(seq. 60)




Status: Complete

Now I wish to give you folks a caution about
exposing the contents of my letters, as several things
that I have written have been reported in Easton
and so returned to Rochelle. One case was E's sick-
ness, but that I did not wonder at. Another was the
case of that little affray about my reproving a schol-
ar (and as it now goes) in the absence of Eunice which
is a perfect falsehood, for it was done when E was at home
and she was knowing to the whole affair and approved of
it. Now I wish to know who told this thing, and to whom
and how it got to Eastons, for I cannot believe
it has ever been told by any of our family, to any
body except some of Christopher Kenyon's family, if so then they
have done that they should not and that, that has
grieved me very much. The news came back by
S. Bowne's wife who visited Kenyons, and I have no
doubt it was there she heard the news. I think it
is the most mortifying thing I ever met with. I have
not yet seen E. Bowne and almost feel as if I did
not wish to, for she must think me as well our
(the way the story is now going) to help nothing more nor left
than tattlers. Well to make the best of this I want to
know the truth about the source of the story and
for the future I will endeavor to be more guarded
about what I write. I have now a little something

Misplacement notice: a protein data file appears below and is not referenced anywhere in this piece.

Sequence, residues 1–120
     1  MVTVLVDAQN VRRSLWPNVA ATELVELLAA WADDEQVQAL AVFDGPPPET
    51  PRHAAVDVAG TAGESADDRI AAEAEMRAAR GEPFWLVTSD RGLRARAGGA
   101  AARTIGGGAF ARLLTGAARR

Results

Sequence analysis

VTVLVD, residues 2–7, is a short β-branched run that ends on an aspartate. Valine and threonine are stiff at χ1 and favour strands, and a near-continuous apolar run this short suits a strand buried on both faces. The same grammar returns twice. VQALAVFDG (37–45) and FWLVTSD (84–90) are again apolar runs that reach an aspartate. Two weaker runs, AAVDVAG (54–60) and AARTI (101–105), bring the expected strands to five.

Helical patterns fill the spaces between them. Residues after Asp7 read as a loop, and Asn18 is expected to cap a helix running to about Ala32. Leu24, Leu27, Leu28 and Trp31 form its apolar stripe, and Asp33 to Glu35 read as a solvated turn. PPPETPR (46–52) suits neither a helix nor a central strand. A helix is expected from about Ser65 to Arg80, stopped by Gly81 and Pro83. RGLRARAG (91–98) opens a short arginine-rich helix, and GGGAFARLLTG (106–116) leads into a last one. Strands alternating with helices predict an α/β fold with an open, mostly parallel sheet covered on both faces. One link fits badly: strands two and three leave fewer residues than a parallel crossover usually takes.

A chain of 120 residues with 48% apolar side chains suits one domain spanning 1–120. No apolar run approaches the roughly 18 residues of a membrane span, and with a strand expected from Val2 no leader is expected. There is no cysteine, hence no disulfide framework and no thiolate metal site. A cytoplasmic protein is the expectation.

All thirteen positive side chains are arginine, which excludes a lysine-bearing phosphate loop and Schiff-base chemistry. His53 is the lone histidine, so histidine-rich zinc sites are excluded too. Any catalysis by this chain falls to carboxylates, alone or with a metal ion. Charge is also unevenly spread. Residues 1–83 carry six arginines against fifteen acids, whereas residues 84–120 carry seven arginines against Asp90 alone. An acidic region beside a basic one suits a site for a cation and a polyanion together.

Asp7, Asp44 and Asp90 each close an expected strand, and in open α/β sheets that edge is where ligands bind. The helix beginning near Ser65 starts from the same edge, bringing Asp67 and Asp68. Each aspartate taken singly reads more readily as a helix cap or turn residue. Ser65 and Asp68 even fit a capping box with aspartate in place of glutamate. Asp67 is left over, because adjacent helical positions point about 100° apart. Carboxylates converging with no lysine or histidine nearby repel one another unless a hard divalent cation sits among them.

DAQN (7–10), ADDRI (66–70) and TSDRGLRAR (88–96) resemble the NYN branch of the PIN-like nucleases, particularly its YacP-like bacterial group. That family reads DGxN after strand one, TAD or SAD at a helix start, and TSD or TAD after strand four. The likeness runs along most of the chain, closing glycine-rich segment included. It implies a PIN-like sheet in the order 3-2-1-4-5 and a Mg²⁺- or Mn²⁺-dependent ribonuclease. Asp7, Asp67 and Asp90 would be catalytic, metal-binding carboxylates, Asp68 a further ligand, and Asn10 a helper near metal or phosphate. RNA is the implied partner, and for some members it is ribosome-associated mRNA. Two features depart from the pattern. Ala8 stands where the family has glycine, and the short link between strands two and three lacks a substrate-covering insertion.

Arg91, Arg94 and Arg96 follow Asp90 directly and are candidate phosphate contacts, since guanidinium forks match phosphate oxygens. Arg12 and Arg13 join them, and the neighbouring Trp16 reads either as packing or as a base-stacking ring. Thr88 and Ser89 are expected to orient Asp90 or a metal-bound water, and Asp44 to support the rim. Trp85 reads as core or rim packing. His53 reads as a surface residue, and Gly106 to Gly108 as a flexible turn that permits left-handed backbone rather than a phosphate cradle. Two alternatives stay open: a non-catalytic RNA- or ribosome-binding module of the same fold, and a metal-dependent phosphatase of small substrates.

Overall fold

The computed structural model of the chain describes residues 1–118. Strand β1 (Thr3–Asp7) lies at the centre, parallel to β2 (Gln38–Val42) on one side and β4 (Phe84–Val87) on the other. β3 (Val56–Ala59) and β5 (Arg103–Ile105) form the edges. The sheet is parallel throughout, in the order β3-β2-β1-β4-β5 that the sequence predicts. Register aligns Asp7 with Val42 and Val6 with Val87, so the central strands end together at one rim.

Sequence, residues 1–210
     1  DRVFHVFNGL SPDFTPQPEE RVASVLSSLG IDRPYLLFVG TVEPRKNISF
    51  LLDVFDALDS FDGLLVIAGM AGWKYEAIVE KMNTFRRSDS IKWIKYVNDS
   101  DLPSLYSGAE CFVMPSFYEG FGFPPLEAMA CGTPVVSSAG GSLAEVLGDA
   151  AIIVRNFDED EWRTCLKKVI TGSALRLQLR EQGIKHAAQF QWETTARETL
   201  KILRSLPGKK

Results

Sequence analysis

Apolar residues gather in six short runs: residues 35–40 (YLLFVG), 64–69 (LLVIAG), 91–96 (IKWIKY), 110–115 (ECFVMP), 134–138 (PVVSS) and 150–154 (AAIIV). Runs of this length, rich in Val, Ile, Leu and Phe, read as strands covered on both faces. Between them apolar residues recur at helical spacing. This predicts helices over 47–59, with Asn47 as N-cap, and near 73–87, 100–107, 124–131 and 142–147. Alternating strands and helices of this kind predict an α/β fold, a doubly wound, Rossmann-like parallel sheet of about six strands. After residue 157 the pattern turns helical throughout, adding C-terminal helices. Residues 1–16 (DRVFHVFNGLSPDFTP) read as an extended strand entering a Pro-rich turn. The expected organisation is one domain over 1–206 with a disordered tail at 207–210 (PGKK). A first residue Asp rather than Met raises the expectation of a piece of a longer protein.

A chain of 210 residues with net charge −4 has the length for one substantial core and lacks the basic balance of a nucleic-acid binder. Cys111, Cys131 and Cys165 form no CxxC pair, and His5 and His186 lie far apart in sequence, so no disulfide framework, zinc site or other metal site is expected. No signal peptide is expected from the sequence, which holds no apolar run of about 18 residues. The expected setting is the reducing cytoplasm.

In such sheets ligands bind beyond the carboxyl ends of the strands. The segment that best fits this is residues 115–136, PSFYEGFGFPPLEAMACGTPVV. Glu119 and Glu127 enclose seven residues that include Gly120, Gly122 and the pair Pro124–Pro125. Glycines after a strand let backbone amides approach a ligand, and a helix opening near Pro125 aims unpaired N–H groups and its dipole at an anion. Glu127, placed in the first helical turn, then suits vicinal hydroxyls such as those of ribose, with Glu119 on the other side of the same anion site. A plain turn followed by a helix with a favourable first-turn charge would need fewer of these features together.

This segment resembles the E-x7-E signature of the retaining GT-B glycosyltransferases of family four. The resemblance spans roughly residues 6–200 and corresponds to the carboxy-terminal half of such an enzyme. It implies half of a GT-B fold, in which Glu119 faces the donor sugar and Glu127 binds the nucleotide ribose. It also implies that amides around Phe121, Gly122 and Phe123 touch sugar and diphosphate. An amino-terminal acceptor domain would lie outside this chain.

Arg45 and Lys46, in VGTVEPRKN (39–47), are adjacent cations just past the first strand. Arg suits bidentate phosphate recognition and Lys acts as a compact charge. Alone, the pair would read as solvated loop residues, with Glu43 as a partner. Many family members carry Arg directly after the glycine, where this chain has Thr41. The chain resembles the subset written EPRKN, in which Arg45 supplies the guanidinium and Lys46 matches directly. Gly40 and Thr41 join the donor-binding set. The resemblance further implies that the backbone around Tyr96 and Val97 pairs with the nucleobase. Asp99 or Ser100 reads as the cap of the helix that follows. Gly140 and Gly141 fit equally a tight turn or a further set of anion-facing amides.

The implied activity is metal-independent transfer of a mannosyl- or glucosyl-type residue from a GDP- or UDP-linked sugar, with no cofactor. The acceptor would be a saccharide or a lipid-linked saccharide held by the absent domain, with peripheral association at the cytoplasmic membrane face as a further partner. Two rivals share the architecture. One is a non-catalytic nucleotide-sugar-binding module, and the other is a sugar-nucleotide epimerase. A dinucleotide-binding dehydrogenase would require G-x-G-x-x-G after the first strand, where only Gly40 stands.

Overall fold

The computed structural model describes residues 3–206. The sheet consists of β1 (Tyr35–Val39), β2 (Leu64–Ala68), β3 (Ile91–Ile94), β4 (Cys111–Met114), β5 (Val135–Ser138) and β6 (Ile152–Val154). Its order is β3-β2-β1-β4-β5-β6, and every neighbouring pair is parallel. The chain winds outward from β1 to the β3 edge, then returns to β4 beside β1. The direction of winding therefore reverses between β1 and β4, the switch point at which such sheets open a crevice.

I would like exceedingly to tell you of but having
heard what I have fearing this might cause
the same feelings among so many persons, I dare not
hardly say it. I wrote it in my last showed it to E
but she requested me not to write it therefore
scratched it out, not knowing at the time the season she
wished me not to say it, but now I can comprehend
the whole. I would not send this until I receive an-
Other letter from you were it not for getting an
answer to the above before G. P. leaves home. I
shall be anxious to hear the answer as soon as possible.
After school, sometimes, I almost feel as if I must be
at home and see sister once more before she
leaves us, and think I would, could I be profitably
employed, but I will cheerfully give up the idea
and remain in Rochelle until the time arrives for my
once more returning home. And as cheerfully give her
up, to be the companion of another, who I
hope & trust is more worthy of her society as a partner than this unworthy heart
who now writes as a sister. Often have I felt as if I were hardly worthy
of a sister, such an ungrateful being am I that I do
not merit such a helping. Yes, now in my absence from
home and friends, do I fully realize the worth of
those dear confidential inmates of Centre Galts house.

I hope all that I have said
and done amiss will be overlooked and forgotten.

I am too low spirits to think of any thing
to say and as it is now about time to send this and the post
office will close, but do not think by my [ ]
spirits that I am homesick, so though I would glad-
ly be there if circumstances would admit yet I
feel best as things now are to remain where I am.

My love to all our folds, yourself included.


A.M. McLean

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